The bidet has been around for centuries, but it’s never quite taken off in American households. However, that may be changing (even though it took a pandemic to do it). So, let’s take a look at bidet history, why it’s growing in popularity across the United States, and how it stacks up against good ol’ TP.
History of the Bidet
Bidets were invented in France in the 1600s to promote better hygiene. It was nothing more than a bowl that sat beside the chamber pot. After relieving themselves in the pot, an individual would move to the bidet to clean themselves further. The name bidet comes from an old French word for “pony” due to the straddling position one would take when using it.
Today, the bidet is a low-mounted version of a sink or plumbing fixture that has become an integral part of the modern European bathroom (in some countries, it is required by law to be next to the toilet for sanitation purposes). The bidet uses a stream of water to perform a similar function to toilet paper, and there are generally three types:
- Standalone Bidet. These are separate fixtures typically located beside the toilet. After using the toilet, an individual moves to the bidet to clean up. Aside from modern plumbing, this is most similar to the 17th-century bidet.
- Built-in or Add-on Toilet Bidets. Smaller bathrooms can’t accommodate both a toilet and a bidet, so many toilets have built-in bidet fixtures that fit over the toilet rim or seat (there are also add-ons that can be purchased separately). These bidets act in the same way as a standalone, but the individual doesn’t have to move to a different fixture for clean-up.
- Handheld Bidet. This bidet hangs on the wall and must be used manually, much like a handheld showerhead.
While using a bidet may seem daunting to first-timers, it’s actually quite easy, and most have temperature control and pressure control for added personal comfort. Read more about how to use a bidet here.
Why Don’t Most Americans Use Bidets?
With the arrival of indoor plumbing, homes across Europe and other parts of the world quickly adopted the bidet. However, the United States has struggled to accept the bidet and it’s not because of a love affair with toilet paper, but because of what bidets were once associated with.
During World War II, American soldiers first started spotting bidets in European brothels, and stories about them traveled home. This false association made bidets seem quite the opposite of sanitary, and as such, the United States remained largely bidet-free.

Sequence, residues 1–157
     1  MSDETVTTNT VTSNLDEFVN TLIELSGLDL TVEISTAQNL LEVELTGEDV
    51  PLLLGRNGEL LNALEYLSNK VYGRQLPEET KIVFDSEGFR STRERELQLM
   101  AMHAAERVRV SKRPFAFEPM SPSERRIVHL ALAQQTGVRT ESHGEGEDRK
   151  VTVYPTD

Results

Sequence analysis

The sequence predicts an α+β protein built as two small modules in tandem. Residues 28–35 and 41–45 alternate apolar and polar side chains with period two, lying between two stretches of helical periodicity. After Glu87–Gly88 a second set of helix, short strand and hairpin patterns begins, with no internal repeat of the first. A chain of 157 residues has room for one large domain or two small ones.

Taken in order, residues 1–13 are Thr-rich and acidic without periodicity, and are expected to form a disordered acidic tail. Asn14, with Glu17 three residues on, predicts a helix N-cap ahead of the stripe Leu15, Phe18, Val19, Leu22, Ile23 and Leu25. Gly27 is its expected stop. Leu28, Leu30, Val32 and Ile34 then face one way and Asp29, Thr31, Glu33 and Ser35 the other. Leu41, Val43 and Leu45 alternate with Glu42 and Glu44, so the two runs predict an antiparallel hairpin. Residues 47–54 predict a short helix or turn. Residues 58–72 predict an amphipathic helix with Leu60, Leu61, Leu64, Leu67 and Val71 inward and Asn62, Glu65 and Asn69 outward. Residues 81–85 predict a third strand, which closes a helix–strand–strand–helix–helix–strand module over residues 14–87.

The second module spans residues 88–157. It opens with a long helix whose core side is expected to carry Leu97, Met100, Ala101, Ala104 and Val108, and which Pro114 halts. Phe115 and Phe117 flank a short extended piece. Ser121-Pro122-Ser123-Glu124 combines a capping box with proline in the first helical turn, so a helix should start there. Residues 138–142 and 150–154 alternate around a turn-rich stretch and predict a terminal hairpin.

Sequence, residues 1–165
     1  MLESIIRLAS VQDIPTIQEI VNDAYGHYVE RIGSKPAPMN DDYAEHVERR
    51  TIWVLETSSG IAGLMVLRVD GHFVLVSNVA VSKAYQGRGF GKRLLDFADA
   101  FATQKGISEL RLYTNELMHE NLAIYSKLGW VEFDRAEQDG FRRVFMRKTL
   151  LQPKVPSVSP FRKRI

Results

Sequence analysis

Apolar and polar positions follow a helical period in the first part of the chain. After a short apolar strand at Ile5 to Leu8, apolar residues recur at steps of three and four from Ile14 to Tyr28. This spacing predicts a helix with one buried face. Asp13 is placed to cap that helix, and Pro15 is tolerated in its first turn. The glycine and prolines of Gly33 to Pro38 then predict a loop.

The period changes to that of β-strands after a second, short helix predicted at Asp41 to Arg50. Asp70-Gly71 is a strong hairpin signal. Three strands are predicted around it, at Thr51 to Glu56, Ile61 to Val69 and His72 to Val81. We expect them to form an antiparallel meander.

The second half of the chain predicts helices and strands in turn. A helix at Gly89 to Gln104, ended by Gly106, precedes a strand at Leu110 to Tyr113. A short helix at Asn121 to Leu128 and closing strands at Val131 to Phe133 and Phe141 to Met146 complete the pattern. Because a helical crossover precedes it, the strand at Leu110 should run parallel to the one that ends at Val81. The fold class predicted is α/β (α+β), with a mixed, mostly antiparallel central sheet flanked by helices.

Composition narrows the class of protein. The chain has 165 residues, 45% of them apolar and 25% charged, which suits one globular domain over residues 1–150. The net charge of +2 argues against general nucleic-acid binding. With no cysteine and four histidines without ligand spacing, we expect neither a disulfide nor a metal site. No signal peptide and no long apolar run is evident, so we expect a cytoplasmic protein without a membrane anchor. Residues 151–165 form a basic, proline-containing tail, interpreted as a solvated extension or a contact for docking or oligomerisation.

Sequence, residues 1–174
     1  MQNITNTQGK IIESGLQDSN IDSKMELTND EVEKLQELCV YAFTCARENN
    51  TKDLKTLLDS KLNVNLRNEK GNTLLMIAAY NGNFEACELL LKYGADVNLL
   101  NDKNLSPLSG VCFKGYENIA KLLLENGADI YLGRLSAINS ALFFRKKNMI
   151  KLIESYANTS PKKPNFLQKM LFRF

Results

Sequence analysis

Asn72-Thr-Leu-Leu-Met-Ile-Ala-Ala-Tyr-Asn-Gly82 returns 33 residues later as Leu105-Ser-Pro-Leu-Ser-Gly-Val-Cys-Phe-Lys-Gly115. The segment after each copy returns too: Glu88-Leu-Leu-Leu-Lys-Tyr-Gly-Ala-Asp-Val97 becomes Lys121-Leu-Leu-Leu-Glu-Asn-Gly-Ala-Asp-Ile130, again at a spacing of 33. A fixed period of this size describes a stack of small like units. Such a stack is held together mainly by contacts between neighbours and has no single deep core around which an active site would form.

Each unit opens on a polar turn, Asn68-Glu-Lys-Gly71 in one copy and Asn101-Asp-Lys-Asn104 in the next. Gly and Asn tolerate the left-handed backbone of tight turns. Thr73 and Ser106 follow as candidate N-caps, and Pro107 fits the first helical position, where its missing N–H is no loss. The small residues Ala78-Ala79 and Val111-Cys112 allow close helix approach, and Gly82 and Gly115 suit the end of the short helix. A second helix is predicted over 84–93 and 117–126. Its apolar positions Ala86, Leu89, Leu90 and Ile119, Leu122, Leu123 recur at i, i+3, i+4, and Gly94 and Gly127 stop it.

Bidet Usage in the United States (and COVID’s Impact)
During the height of the COVID pandemic in 2020, the lack of toilet paper and the resulting anxiety from the shortage created a spike in bidet purchases across the United States. Despite this surge, bidet adoption remains relatively low. In a study on U.S. bidet use, Bespoke Surgical surveyed 3,600 American adults to gauge current public opinion on the fixtures. Overall, just over 12% of Americans currently have access to a bidet. But, were they likely to purchase a bidet in the future? The survey found that the vast majority of Americans reported being willing to purchase a bidet at some point, with only 11% of respondents saying they were unlikely to purchase one.
Why would Americans consider a bidet? There were a variety of reasons:
- 88% would use a bidet to feel cleaner
- 75% would use a bidet for health and hygiene benefits
- 68% would use a bidet for its eco-friendliness
- 66% would use a bidet to save on toilet paper costs
The survey also revealed that the most important factors when purchasing a bidet would be ease of installation, good reviews, design, environmental friendliness, and price. The most important features people said they would be looking for, in order of importance, would be a self-cleaning nozzle, adjustable water temperature, adjustable water pressure, heated seating, and knob design.
Environmental Benefits of Bidets
Can a bidet really help the environment? Yes! According to Yuzu Magazine, bidets result in a 75% reduction in toilet paper use, significantly reducing the stress on sewer treatment plants by reducing the amount of solid waste. After all, the only thing you flush with a bidet is more water. And this bidet water usage can go on to be reused after being treated.
Some may argue that there is now recycled toilet paper. However, the New York Times states that only 2% of the toilet paper we use is made from 100% recycled content. So why isn’t recycled paper more popular? The reason is softness. The plush toilet paper Americans have become accustomed to can only come from virgin pulp, and most of us aren’t willing to give up that softness.
Increasing Bidet Usage and Plumbing Solutions
Bidets remain far from an essential bathroom feature in American homes despite their potential health, environmental, and cost benefits. However, the tide may be changing. Whether you’re using a bidet, considering one, or have plumbing problems with your bidet or your traditional toilet, Express Sewer & Drain in Sacramento is here for you. We’re always standing by to handle your residential or commercial plumbing emergencies or for routine plumbing maintenance.
Topics: Home Plumbing